On April 22, 2014, a One Hitachi team consisting of researchers, business executives, and technologists met with the staff at the Engineering and Environment Research Center (EERC) in Grand Forks, North Dakota. The EERC is a market-driven, business-oriented research laboratory loosely associated with the University of North Dakota that collaborates with commercial companies, government, and universities to develop new energy and environmental technologies and strategies for applications including:
- Shale oil and gas exploration, development, and production,
- Clean coal (EERC is the world leader in this area),
- Climate change, carbon capture, utilization (including enhanced oil recovery) and, Storage (EERC is a global leader in this area),
- Critical water conservation and contamination issues,
- Energy, conservation, ecosystem and environmental strategies.
Given the EERC's broad portfolio in technologies are of great interest to One Hitachi, the goal of the visiting team was to learn more about the EERC while presenting on-going collaborative work in big data for shale oil and gas development. This funded, collaborative work has been sponsored by Umesh Dayal and Ravi Vennelakanti in Hitachi's Big Data Laboratory with support from Matthew O'Keefe and Ken Wood in the Global Office of Technology and Planning.
The visit began with an introduction to the EERC from its Director, Dr. Gerry Groenewald, to the EERC and its culture. Dr. Groenewald emphasized that its entrepreneurial culture combined with its emphasis on relationships and working partnerships with businesses is critical to the EERC's success. We noted that the EERC's relationship-driven approach to doing business is similar to the culture of business in Japan.
Over the coarse of the day, EERC staff alternated with Hitachi staff in presenting current ongoing work of joint interest, including:
- John Harju, Associate Director for Research, described EERC's work in leading the Bakken Production Optimization Program, a consortium of E&P companies, Hitachi, and the State of North Dakota focused on increased oil production, gas flaring and waste reduction, waste management, water reuse and water treatment problems specific to the Bakken shale oil field,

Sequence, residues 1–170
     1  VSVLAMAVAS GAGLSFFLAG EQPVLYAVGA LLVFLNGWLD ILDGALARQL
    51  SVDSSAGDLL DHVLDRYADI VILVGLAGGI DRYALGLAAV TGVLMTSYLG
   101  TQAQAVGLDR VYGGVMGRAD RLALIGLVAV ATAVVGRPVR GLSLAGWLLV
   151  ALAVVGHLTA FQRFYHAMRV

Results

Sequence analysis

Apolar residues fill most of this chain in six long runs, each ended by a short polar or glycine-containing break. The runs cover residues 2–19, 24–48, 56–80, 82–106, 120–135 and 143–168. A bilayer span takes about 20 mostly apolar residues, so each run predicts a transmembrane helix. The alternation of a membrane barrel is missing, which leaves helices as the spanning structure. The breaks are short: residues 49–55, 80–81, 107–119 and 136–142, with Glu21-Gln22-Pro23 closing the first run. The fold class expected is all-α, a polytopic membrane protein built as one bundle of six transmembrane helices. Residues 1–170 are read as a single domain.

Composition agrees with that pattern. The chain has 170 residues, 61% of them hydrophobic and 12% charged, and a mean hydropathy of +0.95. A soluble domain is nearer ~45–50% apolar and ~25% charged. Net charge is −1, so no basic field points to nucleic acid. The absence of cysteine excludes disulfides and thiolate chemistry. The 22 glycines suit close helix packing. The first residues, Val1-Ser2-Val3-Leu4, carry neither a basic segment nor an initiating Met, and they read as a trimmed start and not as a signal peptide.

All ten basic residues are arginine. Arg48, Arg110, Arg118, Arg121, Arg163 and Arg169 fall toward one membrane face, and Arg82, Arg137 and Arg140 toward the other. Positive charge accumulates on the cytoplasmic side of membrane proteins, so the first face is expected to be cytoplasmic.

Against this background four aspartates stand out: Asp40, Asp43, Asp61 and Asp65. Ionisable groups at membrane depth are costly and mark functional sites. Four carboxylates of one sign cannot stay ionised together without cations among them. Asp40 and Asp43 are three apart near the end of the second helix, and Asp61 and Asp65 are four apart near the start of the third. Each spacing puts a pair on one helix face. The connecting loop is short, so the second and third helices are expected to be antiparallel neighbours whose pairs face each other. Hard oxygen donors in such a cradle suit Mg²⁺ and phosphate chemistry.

- Hitachi's global research and development efforts were described by Norihiro Suzuki, Hitachi America, Ltd., Sr. Vice President & CTO,
- Umesh Dayal, VP, Big Data Research Laboratory, Hitachi America, Ltd., described how big data analytics is driving the One Hitachi strategy in creating more IT + OT convergence across its product lines,
- From the EERC, Mike Holmes, Associate Director for Research, and Ed Steadman, Deputy Associate Director for Research outlined work in CO2 capture from clean coal facilities, its processing, sequestration, and potential use in enhanced oil recovery,
- Ravi Vennelakanti, Senior Director, Big Data Research Laboratory, Hitachi America, Ltd., and Ken Wood Director of Technical Incubation and Evaluation, presented ongoing works in shale oil analytics at Hitachi using datasets provided by the EERC,
- Scott Nacey Senior Director in Business Incubation, built on Suzuki-san's presentation in describing how Hitachi is building processes around incubating promising new technologies and then bringing them to market.
During the middle of the day, the Hitachi visitors were given a tour of EERC's extensive laboratory facilities, including its combustion facilities for testing various fuels (coals, solid waste, biological fuels like algae, etc.) and
recovering CO2 and other chemicals from the combustion process; geological test facilities that test rock properties and simulate processes associated with oil and gas recovery such as proppant injection; hydrogen technology lab; and a CO2 lab for better understanding CO2 properties in shale oil environments and its use for enhanced oil recovery from shale. The One Hitachi visitors discovered that we all looked pretty good in hard hats and safety glasses, as the pictures taken during the tour show.
After the meetings the EERC presented the Hitachi attendees with gifts including a bison carved out of North Dakota lignite. The One Hitachi team later returned the favor by presenting the book "Travels in the Interior of North America" to Dr. Gerry Groenewald.